There were a few stories that we were incredibly pleased with this week. Pham Nuwen is a very tight story that develops a solid narrative that executes consistently. The judges were unsettled, which is a difficult sensation to build in writing because it demands subtlety. For this, you HM'd this week. The judging panel was deeply divided on the other story offerings, and it was escalating to 'words' at which point we all agreed that SlipUp's story had the most consistent reaction across all of us. We enjoyed it. It was a poor connection to the prompt but it was creative, concise, and we all laughed. Take our gratitude in an HM.
The win this week goes to Tyrannosaurus. Your story has some structural issues, but it evoked strong emotions in all of us. None of us could actually remember the title, and so it was renamed several times, but we all took something away from it. It is a very strong story framework, and it deserves to be fleshed out further. This story reimagined a prompt, gave the place of power a new interpretation of origin, and elevated value in otherwise mundane details.
Congrats Tyrannosaurus and thank you all for participating.
|# ¿ Jan 29, 2019 06:39|
in this week. May the gods smile upon me.
|# ¿ Feb 13, 2019 22:07|
Pieces and Parts
I wasn’t supposed to be at the party. The security agent for the market district leans over the kit table between us while he reiterates this. I have the same table in my studio.
“You should be grateful they did such a clean job. Nice and professional. You have coverage, right?”
My hands are shaking on the cup of coffee I’m cradling. It’s still piping hot. I only get ten minutes with the agent, enough time to quote payment plan for additional follow up if I want my case investigated further. I shift uncomfortably in my seat and stare into the black drink. I wasn’t offered any sweetener.
“It… lapsed.” I admit weakly.
“Oh, well rough deal there. I think they offer a buy in for emergency circumstances. You can petition the Adventa Corporation if you go down the hallway and take a right. They have a representative there.”
Another surcharge of credits I can’t spare. I reach up and run my hand through my hair, the tails spiked tall for the party now hanging limp over the shaved portion. I still have five more minutes of this agent’s time. I set my coffee cup down, and regard his smiling features. He hasn’t mastered feigned empathy yet, and is presenting a strong customer service smile to make up for it.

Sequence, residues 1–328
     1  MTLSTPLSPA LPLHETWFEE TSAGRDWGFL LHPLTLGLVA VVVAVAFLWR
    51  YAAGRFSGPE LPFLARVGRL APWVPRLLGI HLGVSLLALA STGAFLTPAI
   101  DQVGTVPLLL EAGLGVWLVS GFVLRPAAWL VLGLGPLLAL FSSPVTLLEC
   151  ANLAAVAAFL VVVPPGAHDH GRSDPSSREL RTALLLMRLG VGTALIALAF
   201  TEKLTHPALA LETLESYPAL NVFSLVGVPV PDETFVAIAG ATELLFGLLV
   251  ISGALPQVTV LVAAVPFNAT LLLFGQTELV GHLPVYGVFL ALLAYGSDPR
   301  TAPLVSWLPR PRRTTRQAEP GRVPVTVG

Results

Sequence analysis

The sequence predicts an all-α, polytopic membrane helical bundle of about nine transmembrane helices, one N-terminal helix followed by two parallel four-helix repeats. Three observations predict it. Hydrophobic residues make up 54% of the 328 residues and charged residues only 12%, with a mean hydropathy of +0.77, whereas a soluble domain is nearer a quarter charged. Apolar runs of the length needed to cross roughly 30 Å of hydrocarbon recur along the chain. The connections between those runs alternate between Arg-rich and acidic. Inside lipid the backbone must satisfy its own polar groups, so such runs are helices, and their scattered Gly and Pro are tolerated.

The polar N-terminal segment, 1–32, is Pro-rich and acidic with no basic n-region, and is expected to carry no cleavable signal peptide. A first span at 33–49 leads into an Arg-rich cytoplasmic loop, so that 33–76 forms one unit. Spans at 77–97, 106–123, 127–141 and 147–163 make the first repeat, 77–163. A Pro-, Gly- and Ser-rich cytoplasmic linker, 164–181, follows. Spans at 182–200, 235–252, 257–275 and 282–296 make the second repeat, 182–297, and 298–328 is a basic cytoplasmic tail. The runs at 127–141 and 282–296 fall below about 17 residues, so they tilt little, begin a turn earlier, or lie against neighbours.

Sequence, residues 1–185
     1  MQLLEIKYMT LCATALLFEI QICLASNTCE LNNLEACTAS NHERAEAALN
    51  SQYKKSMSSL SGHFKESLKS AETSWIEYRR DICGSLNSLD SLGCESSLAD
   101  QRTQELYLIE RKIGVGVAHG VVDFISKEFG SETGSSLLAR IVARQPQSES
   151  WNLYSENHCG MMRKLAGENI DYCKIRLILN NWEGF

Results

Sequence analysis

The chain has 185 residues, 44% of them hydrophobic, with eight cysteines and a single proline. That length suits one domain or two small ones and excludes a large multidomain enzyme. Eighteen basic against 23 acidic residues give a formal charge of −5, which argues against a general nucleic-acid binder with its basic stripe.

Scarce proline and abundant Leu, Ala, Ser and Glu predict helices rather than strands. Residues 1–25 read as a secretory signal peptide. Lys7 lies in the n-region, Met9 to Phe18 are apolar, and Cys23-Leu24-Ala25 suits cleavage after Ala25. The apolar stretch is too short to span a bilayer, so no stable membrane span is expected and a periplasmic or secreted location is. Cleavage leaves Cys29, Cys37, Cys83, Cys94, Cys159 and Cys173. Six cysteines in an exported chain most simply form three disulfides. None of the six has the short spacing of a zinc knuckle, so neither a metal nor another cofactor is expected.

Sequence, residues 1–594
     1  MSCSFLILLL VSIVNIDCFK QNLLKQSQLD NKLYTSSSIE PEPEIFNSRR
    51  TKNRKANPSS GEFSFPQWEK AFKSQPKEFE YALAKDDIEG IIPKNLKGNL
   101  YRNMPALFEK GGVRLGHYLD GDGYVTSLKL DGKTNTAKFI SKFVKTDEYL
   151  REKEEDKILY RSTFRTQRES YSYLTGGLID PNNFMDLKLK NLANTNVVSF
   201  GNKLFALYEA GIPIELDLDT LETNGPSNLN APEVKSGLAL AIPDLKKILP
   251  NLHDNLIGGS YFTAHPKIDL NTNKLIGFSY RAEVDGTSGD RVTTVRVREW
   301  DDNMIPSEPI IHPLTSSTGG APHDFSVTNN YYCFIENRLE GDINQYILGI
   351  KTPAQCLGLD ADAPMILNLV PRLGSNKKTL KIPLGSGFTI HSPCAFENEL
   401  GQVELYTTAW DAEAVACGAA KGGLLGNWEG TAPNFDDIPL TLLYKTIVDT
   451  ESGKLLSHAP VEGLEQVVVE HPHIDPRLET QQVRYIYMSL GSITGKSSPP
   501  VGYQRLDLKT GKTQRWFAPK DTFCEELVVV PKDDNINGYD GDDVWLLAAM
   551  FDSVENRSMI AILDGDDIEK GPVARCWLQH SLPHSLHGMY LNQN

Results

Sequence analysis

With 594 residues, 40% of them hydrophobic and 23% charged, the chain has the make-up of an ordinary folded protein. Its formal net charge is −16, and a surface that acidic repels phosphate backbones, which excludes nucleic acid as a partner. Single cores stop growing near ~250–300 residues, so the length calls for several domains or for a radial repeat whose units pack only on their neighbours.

“There’s no way… You could find it?” I implore, hating how pleading I sound.
“I wish I could offer you something more but-” He spreads his hands as if helpless, shaking his head with the smile unwavering, “-the aftermarket on that organ is particularly high right now. There’s a good chance it has already been installed, which is why coverage is so critical. Especially if you’re going to be participating in high risk activities.”
The party wasn’t supposed to be high risk. Nitrex had called me. We met in an abandoned shop front, all the wares pulled loose by looters when their security bill came due and it couldn’t be paid. The interior lighting was dim and flickering, bare wire ends refitted to dangle little bulbs of flashing light. The music reverberated through my teeth as a constant electronica hum. I danced, or did something like dancing, pressed in among the other bodies. I didn’t even drink, but the agent says they don’t need you to drink anything. Just a slick of narcotic tranquilizer across my sweaty skin, and I dropped like a stone. Out like a light for the whole procedure, until I woke up dazed on an empty countertop.